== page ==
The basics of the GWB are simple: 29 galleries held openings Friday night and agreed to stay open (exceptionally) on Sunday and Monday. A pocket-size program was printed up with a gallery map. (Here’s a full list of all of the GWB shows; Franz Ackermann‘s show at neugerriemschneider was the crowd favorite, Dash Snow at CFA’s the most hotly debated.) The dealers held their own private dinners after the Friday openings. Then on Saturday night there was a gala event (well, “gala” by Berlin’s low-key standards), held in the newly opened and quite swank Grill Royal, to which the 29 galleries could invite six guests each.

From an artistic standpoint, the GWB made a strong case as a cultural event. The standard proved uniformly high and the weekend served well its purpose as a reminder that gallery spaces create an utterly different context around artworks than exhibition halls. In addition, even when you’re sprinting through three dozen galleries over the course of a few days, it’s totally different than seeing 250 booths (or even far, far more) in the same time period.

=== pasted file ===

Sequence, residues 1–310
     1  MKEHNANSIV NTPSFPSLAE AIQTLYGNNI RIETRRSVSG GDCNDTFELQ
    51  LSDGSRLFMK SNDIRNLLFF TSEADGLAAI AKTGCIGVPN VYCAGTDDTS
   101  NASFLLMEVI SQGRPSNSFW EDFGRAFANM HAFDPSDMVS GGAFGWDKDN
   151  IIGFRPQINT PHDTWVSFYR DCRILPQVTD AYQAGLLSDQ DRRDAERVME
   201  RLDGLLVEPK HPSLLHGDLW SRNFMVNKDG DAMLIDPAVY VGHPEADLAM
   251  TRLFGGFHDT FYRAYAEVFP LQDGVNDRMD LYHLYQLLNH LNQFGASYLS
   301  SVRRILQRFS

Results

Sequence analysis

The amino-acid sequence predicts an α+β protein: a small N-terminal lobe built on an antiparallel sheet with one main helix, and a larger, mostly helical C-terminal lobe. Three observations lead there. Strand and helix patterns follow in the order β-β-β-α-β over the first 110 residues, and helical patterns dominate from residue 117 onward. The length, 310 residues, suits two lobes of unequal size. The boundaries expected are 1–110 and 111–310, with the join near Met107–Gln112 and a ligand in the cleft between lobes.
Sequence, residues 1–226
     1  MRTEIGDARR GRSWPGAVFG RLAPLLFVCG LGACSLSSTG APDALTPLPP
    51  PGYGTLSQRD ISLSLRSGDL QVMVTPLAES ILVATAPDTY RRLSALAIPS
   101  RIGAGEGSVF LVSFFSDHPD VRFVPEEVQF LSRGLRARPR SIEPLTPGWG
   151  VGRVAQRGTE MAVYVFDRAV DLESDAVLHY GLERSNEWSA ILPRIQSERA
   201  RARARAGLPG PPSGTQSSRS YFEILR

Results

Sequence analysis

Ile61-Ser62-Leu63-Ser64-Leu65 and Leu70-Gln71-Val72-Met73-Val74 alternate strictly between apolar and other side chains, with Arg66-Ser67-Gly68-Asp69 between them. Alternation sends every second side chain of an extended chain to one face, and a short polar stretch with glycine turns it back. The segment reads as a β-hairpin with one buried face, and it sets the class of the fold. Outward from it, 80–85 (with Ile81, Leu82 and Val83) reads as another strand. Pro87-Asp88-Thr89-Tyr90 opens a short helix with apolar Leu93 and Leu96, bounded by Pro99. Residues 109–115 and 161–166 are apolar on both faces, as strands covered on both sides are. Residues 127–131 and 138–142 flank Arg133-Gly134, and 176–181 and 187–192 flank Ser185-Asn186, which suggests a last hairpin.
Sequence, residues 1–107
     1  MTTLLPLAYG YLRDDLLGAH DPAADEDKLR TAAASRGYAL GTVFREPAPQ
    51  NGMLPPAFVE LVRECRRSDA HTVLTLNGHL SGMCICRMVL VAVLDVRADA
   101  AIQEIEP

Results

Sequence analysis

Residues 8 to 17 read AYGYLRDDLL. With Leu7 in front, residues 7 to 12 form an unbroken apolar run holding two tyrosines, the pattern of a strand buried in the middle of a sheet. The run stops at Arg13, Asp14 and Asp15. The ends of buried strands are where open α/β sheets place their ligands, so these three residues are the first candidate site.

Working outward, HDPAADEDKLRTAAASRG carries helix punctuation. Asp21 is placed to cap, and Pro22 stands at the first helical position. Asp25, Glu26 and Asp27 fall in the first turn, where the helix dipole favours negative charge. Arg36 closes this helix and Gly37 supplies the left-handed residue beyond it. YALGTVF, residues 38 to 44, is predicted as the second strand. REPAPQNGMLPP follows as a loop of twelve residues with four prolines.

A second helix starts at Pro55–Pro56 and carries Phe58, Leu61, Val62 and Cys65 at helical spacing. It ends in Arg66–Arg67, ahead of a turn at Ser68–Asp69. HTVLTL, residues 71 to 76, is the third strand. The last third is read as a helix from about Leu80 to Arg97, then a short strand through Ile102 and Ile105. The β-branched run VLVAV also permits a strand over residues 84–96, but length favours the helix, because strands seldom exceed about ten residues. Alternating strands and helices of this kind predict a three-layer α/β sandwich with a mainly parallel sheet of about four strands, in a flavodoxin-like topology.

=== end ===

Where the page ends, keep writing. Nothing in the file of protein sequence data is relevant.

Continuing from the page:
Of course, the attractions of fairs are more than just the art (whether for buying and seeing). They’re also the artworld crossroads, where everyone bumps together. From this standpoint, the GWB felt more like a minor biennial than like a fair. For one thing, there was a much smaller crowd of out-of-town visitors than at a fair, maximum 1,000 people (and only a few hundred foreigners, I’m guessing). That said, those who came tended to be people who have a daily relationship with art, be it as art critics, institutional curators or hard-core collectors (i.e. the Rubell clan, Rosa de la Cruz, Ingvild Goetz). And GWB certainly had its artworld social moments: Eva and Adele surfacing randomly; Christian Jankowski rallying the troops for a late-night expedition to Rio Bar; Dash Snow and Jonathan Meese jumping around the Volksbühne dancefloor, their long hair and wild eyes going in all directions simultaneously; Artnet’s cocktail party at the Münzsalon private club, closing the weekend with verve despite all the compounded hangovers in the room. Continue reading “Gallery Weekend Berlin: An art-fair antidote?”

Clippings from the salon floor, #6